For many parents, having children is the most significant reckoning in one’s lifetime.
The birth of Anthony Sposato’s first child made him realize he had not taken full advantage of the opportunities presented to him in life. He had not been raised with the all of the tools for turning opportunity into success, and he and his wife, Carol, determined to give their children a better chance to succeed.
“I have heard it said that how your children turn out is a crap shoot. It’s a sad thing to believe that you have nothing to do with how successful your children will be as adults,” says Sposato, whose three sons are now happy, productive professionals.
“Like just about all new parents, we had no formal training on how to raise children when our first was born. As a manager and later owner of my own business, I recognized a tragic lack of work ethic in the 20-somethings I worked with. I put much of the culpability on the parents and I used my management skills to help raise my kids.”
Sposato, author of “Successful Parenting,” (http://tinyurl.com/ou392jh) offers four tips for raising well-adjusted children:
• Start making necessary changes ASAP. It all starts in the womb; as soon as you know you’re pregnant, it’s time for both Mom and Dad to start adjusting their lifestyle for the baby. That means implementing a consistent routine and forming better habits. If you know you eat poorly, or if you smoke, change those bad habits. They can not only hurt the child while it’s in the womb, he or she will grow up modeling them.
• Create a healthy routine for your child. Children crave structure and therefore, routine. A consistent routine also takes the guesswork out of parents with busy schedules. This includes bathing, brushing teeth and talking or reading to your son or daughter. Don’t put a television in their room, and do not let them watch excitable programs before bed elsewhere in the house. Consistently eat dinner together at the table with no distractions.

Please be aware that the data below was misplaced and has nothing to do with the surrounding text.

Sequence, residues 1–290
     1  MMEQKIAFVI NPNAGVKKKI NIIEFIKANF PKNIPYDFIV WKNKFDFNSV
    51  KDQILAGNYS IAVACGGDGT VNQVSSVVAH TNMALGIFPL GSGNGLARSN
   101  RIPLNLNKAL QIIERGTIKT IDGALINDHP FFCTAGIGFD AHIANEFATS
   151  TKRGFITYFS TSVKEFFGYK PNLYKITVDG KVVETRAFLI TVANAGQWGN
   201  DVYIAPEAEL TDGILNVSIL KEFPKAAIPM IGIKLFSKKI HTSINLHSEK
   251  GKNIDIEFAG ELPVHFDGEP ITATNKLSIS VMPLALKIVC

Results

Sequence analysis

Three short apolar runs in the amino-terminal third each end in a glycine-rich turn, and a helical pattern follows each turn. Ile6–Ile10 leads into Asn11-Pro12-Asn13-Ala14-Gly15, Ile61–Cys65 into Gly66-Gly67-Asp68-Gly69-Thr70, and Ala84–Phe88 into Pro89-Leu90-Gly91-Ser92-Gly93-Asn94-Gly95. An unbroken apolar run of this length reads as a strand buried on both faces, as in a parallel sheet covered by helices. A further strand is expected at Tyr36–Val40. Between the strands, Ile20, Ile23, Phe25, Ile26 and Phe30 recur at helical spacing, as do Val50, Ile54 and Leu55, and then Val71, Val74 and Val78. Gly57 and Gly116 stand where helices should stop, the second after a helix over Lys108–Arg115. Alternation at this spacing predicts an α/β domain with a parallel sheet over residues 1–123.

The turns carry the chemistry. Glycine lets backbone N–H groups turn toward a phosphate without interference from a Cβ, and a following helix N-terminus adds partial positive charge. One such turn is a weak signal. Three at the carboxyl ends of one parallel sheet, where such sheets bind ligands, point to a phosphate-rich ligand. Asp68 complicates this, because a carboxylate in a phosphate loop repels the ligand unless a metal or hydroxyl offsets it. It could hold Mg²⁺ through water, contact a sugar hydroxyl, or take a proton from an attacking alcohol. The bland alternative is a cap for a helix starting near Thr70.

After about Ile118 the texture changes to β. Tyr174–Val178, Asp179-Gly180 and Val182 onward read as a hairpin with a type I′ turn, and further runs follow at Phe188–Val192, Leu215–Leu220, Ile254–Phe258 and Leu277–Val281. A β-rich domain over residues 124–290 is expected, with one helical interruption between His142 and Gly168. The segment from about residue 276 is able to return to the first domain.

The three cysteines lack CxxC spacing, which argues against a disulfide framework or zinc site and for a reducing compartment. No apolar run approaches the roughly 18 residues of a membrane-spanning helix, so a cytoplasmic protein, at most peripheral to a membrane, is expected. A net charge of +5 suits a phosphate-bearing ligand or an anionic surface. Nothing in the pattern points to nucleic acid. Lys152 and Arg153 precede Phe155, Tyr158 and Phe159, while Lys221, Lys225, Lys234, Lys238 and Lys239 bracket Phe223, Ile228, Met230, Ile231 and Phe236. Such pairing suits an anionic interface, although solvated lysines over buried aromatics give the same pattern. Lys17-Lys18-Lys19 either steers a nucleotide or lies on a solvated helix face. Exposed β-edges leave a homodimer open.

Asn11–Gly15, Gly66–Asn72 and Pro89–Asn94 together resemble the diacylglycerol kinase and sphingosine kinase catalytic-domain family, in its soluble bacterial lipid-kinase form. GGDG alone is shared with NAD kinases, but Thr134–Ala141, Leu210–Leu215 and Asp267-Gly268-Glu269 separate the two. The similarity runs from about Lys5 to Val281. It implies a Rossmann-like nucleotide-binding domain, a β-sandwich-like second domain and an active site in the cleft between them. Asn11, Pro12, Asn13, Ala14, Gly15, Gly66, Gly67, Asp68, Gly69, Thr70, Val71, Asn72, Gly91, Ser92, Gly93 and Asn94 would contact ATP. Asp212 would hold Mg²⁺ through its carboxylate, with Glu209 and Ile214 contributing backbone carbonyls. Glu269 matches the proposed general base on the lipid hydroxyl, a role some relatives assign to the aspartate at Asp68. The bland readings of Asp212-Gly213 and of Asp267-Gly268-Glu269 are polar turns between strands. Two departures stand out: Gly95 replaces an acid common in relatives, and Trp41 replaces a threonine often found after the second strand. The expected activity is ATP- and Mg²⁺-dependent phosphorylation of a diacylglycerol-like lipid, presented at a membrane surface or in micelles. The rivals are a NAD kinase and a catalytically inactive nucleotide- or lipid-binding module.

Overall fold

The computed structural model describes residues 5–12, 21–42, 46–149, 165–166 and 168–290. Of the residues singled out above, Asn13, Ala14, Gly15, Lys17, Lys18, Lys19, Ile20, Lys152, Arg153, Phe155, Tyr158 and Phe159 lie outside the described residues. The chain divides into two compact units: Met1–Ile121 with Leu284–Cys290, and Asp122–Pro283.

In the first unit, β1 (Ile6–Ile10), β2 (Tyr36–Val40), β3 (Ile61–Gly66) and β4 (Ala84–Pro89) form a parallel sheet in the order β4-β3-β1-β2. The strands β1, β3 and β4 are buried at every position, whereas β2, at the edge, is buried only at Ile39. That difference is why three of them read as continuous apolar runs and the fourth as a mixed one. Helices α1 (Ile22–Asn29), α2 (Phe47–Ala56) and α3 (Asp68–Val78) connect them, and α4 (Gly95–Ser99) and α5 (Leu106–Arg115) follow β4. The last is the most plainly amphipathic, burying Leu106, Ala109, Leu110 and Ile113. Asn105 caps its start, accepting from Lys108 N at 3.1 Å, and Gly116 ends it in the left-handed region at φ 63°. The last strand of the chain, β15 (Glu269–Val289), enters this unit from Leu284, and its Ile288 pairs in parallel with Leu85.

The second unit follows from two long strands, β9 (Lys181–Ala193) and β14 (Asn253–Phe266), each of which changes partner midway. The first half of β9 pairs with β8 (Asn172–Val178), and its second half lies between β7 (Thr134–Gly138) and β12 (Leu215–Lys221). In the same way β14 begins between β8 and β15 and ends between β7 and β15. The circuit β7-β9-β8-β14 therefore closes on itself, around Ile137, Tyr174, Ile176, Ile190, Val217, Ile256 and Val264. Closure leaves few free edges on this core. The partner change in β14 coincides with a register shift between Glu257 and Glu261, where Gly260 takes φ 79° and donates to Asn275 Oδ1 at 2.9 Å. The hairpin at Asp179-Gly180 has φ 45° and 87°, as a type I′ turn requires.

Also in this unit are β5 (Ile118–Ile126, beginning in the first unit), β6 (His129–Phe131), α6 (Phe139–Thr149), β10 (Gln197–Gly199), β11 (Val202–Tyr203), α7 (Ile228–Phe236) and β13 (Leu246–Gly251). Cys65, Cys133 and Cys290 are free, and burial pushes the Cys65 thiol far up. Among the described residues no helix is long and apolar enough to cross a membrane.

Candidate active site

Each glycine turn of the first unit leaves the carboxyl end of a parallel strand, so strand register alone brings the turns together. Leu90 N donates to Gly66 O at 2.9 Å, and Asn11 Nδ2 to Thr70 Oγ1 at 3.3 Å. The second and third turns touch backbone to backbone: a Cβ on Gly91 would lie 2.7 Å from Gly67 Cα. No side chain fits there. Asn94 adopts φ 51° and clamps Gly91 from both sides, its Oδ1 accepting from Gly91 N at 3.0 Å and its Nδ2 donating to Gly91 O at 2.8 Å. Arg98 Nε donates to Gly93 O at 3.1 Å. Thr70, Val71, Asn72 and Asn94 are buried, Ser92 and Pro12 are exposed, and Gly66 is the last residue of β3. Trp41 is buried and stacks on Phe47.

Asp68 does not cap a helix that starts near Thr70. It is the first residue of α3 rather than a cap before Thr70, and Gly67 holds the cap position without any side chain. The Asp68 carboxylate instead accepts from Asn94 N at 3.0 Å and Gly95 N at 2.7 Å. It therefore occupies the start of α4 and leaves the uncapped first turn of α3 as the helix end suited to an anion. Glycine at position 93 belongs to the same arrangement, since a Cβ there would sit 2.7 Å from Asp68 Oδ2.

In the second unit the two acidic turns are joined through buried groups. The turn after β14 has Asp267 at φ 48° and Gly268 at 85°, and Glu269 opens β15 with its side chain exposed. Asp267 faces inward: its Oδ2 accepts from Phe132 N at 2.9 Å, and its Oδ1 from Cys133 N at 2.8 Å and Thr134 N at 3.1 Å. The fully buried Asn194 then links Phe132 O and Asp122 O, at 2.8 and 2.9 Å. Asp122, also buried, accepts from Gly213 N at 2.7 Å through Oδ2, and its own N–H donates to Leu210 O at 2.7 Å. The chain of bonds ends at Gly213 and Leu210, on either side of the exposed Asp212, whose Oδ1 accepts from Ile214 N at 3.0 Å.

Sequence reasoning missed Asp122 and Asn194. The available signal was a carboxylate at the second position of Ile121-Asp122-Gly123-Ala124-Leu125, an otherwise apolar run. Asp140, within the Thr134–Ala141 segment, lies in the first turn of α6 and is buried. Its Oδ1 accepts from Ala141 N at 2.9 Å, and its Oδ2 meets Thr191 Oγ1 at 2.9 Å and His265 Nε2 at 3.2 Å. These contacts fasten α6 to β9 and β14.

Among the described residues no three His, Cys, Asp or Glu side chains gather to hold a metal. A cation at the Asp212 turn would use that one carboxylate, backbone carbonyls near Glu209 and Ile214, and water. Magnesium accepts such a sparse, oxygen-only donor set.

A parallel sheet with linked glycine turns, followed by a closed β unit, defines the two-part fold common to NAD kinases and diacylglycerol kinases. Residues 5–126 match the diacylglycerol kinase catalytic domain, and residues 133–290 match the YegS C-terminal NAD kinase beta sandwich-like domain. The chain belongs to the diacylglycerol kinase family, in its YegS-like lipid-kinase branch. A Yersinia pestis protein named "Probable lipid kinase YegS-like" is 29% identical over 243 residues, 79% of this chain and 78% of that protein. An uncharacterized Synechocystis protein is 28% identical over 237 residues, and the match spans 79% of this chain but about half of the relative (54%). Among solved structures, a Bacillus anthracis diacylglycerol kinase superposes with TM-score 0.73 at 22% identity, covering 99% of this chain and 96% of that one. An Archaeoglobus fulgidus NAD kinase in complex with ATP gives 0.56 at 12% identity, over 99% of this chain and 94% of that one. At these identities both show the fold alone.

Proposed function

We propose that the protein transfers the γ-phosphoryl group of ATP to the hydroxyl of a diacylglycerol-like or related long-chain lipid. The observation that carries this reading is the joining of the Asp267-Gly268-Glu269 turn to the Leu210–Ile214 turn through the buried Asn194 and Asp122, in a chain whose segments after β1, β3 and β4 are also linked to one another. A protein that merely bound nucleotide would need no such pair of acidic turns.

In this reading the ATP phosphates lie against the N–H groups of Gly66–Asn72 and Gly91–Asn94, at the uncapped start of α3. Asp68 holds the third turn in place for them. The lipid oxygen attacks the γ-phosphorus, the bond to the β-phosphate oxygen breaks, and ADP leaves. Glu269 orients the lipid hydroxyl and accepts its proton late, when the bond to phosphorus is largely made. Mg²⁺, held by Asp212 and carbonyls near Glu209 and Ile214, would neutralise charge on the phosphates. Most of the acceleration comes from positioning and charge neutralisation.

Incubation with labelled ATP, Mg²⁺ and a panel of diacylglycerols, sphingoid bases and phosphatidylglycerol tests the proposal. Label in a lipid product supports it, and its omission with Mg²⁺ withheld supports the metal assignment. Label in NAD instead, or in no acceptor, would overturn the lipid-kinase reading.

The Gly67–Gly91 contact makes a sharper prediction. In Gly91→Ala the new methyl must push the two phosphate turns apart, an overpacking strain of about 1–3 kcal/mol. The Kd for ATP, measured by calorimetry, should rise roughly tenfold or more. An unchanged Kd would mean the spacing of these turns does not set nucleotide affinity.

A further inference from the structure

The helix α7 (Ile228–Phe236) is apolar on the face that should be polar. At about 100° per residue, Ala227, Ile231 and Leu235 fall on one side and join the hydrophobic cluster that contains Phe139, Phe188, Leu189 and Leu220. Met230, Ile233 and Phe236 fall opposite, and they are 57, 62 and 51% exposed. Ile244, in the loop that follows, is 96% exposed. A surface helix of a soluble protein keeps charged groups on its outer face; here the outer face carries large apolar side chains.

• Get control of yourself or you’ll never be able to control your children. The old joke, “Do as I say, not as I do,” simply doesn’t fly when trying to raise well-adjusted children. Children often pick up on what they see and not what we tell them. They are very sensitive to hypocrisy; if you use profanity in front of them, how will they feel when you scold them for repeating what you’ve said? When telling them what is right and wrong, explain to them why that is so.
• Teach your children to question and reason for themselves. Smart adults don’t simply accept the claims of others; they need reason and evidence to agree with any statement. Parents should emphasize to their children the importance of questioning claims and to reason for themselves. This will protect them from manipulation by others and help them better manage other aspects of their lives, including money.
“If you have kids, then parenting is your most important job,” Sposato says. “It’s worth going the extra mile to be a better parent, for your child’s sake.”